Last autumn I wrote a very popular piece covering my escapades around town with an air particle monitor. I had so much fun that I borrowed the monitor again last winter and published my findings in CityWeekend Beijing Parents & Kids magazine, now published every two months. Here is my reprint:
Winter this year started early, and so did the seasonal decrease in air quality, traditionally due to home coal burning and weather patterns. As we are now snuggled away indoors, this is the perfect time to review how indoor air quality can also affect the health of you and your family. Some indoor chemicals such as formaldehyde and benzene are well known hazards, but probably the biggest indoor worry in Beijing is the same outdoor air pollution that easily seeps indoors. Many schools monitor outdoor air quality data for their pollution alert systems, but is their indoor air safe enough? And what about other buildings, such as your home or office, or malls, restaurants and hotels? How is their air quality, and what can we do to minimize indoor pollution’s effects?
To assess these issues, I borrowed a ParticleScan Pro portable monitor from the IQAir air purifier company for one week, and I took dozens of readings from multiple indoor and outdoor spots. I measured tiny particles 0.3 microns in size, which the World Health Organization considers the most dangerous to your health — especially for young children, the elderly, and those with heart and lung diseases. These particulates are created mostly by coal burning, factories and vehicle exhaust, especially diesel.
The scanner uses a laser to tally the number of particles per liter of air. The IQAir guidelines recommend indoor air readings under 100,000 as safest, and anything over 300,000 as hazardous. For simplicity in this article, we will lop off 3 zeroes (i.e. anything over 300 is hazardous). Please note that this number cannot be directly compared to other official pollution indexes as the technique and particle sizes are different.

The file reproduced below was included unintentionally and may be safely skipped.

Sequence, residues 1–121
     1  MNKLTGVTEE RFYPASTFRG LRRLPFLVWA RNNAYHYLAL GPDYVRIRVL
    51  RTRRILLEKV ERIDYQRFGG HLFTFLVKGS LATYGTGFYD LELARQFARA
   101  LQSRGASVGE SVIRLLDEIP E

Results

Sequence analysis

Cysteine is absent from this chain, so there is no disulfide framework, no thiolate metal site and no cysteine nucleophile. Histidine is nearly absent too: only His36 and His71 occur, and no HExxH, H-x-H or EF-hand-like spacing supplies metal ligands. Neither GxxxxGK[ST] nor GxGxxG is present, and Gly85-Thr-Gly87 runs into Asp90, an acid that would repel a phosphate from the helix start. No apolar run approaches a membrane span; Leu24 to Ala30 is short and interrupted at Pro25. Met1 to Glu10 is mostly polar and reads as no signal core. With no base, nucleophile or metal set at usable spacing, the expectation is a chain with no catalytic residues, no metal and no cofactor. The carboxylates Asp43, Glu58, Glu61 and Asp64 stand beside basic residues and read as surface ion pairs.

One finding common to all places was that indoor air quality is strongly related to the outdoor air, and open windows and doors, as well as leaks around them, can quickly cause indoor air quality to rise and fall with outdoor air levels. I also noticed that on the worst outdoor days when levels were over 600, the indoor air in all places, while lower than outside, was still at unhealthy levels over 300. That’s because those pollution particulates are so small, they simply diffuse rapidly and easily into buildings. In general, most buildings’ indoor air was 40%-80% better than outdoors. For example, on December 7th the outdoor air was 1140, and indoor air in my office was 750; a mall was 920; and home was 380. (Don’t forget that readings 300 and above are unhealthy).
Malls, Offices, Restaurants:
One enclosed mall had a level of 920 with outdoor air at 1500. Another open-air mall had readings 1150-1490, with outside air 1560. One very popular expat bookstore/cafe had indoor levels even higher than the already hazardous outdoor levels, which was quite rare. Their indoor air smoking section was 1720, and non-smoking room was 1600, and outside was 1320. This seemed due to a lack of proper ventilation as well as their smoking section, which easily permeated into their non-smoking rooms. Most indoor malls and offices had levels 50-90% of the outside air, depending on how well sealed and ventilated they were. Again, many times the indoor air was far above healthy levels, and was always related to the outdoor air levels.